You'd think if you were adjusted to the horrors of war you'd be immune to concerns about seeing a therapist but some with post-traumatic stress disorder (PTSD) can't bring themselves to deal with it face-to-face.

Virtual reality to the rescue.   Counselors recommend exposure therapy - immersing returning soldiers with PTSD in controlled-level simulations of traumatic environments - and that means basically video games in the future.   It makes sense.   The newest generation of soldiers grew up with video games but they didn't grow up speaking to counselors so the comfort level would likelt higher.  One test in a recent study(1) claimed an 80 percent reduction in anxiety and depressive symptoms.

When I was in basic training we had to undergo live-fire exercises, where bullets are shooting above you while you navigate an obstacle course, but we knew getting shot would lead to some pretty angry letters from our parents, so we weren't all that scared, and combat circumstances are much different - terrorists don't care what our parents think - so it may not be that virtual reality exposure therapy in advance will help reduce PTSD (and it's diagnosed a lot more today, so it could be better diagnosed or over-diagnosed, hard to say) but because a therapist (or the military) can control the emotional intensity, multi-sensory cues designed to evoke trauma might help mentally inoculate soldiers against PTSD.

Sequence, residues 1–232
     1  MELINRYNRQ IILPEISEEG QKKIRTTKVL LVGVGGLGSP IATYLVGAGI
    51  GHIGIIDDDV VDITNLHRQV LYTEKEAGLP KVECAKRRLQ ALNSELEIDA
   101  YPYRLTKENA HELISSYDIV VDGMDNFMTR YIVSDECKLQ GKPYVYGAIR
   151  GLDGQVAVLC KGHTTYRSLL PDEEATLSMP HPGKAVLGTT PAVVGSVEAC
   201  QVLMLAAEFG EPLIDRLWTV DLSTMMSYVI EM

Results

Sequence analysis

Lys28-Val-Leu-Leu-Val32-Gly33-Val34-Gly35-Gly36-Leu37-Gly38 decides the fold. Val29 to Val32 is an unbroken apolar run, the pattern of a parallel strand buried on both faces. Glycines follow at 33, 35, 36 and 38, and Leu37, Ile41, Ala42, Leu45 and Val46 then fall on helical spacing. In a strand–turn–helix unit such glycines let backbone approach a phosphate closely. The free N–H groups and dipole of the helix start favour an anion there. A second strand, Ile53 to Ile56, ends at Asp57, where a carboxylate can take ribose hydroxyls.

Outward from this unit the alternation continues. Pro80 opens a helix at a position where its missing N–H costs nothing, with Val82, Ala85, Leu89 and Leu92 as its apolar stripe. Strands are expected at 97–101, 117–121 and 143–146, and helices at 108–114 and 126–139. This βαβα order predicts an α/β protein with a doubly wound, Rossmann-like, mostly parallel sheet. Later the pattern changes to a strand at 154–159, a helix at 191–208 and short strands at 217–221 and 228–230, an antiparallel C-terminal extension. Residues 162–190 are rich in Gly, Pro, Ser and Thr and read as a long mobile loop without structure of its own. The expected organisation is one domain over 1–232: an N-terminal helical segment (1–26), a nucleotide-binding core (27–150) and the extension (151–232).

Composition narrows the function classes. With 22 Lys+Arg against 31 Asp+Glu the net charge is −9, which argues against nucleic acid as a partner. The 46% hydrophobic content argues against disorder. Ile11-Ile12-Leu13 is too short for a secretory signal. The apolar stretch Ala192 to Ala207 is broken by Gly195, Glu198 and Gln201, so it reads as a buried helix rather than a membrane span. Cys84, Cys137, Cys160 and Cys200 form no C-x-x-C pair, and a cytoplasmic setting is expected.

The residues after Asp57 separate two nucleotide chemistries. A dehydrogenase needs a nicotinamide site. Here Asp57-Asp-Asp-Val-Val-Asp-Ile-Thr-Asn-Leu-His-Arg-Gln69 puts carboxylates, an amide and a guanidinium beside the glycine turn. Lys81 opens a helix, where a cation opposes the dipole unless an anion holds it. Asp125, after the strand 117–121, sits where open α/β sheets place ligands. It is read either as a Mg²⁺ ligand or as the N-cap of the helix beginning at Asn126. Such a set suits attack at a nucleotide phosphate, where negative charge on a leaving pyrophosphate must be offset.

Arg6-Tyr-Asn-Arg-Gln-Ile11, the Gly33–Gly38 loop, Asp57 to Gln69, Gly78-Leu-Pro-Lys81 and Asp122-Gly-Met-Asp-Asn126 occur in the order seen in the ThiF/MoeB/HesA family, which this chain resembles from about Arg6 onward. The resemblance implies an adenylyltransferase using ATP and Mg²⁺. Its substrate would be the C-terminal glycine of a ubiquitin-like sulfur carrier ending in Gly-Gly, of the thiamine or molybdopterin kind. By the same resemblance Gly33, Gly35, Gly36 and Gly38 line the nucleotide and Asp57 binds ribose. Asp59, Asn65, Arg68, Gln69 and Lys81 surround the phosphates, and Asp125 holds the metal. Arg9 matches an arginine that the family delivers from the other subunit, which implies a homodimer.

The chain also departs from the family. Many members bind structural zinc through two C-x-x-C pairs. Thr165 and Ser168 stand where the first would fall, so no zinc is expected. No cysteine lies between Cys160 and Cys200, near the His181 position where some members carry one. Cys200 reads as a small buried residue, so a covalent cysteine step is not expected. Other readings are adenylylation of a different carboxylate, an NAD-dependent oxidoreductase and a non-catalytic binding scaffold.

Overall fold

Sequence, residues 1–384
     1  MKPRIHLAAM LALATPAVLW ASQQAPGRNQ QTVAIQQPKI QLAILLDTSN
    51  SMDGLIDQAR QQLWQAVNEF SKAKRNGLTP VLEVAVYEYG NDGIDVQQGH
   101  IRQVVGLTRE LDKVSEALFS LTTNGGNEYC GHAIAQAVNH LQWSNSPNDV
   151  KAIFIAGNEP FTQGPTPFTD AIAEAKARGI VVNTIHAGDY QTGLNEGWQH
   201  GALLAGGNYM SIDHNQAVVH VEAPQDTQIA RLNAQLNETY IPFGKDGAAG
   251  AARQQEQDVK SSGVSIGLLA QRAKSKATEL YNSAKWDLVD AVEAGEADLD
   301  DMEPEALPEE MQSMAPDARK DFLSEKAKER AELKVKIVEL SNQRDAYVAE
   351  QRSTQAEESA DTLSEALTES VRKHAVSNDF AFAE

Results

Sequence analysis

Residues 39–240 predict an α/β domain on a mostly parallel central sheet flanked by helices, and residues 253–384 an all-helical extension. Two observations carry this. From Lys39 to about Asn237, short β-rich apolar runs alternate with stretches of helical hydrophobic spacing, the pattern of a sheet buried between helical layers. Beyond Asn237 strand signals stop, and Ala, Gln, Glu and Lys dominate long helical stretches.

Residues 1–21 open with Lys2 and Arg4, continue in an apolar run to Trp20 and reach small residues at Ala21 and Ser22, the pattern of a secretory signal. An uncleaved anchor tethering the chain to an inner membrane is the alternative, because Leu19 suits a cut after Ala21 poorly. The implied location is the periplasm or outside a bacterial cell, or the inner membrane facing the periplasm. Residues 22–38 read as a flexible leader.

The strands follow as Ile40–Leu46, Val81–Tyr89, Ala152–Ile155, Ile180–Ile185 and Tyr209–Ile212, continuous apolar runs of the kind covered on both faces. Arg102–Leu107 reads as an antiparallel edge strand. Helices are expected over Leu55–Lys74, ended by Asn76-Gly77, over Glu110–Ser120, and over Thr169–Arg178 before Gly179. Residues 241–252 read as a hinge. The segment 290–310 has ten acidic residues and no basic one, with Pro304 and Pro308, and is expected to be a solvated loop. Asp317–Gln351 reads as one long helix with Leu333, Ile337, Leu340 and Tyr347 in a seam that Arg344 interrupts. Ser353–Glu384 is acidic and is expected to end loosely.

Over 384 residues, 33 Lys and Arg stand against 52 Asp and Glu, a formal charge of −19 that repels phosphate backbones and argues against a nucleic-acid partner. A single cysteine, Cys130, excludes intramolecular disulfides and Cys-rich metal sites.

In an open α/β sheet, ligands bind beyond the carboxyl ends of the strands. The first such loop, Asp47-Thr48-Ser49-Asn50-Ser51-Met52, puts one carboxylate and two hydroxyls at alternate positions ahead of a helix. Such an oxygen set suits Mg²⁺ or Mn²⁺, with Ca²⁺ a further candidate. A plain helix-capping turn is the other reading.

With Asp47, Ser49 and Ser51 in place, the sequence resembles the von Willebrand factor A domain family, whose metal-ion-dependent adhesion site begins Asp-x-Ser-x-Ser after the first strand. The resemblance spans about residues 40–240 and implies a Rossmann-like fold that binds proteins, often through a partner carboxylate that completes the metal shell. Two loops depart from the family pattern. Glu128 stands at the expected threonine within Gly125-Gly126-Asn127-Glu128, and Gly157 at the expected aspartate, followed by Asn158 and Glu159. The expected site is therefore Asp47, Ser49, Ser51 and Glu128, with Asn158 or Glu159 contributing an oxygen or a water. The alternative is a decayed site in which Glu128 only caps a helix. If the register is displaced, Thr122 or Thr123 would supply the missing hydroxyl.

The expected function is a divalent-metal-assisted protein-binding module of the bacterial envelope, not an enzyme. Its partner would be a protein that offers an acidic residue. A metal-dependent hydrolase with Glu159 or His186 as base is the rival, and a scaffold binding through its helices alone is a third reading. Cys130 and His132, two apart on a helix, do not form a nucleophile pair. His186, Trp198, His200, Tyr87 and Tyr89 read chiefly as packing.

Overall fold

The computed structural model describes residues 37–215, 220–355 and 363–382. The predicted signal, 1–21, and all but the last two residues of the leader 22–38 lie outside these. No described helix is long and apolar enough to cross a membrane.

Peace also helps.   Sometimes people thank me for doing time in the military and I have to sheepishly note it was much different then.  Reagan was president so we played a lot of golf.    Everyone knew he would go after them.


(1)  Rizzo A et al (2011). Virtual reality goes to war: a brief review of the future of military behavioral healthcare. Journal of Clinical Psychology in Medical Settings; DOI 10.1007/s10880-011-9247-2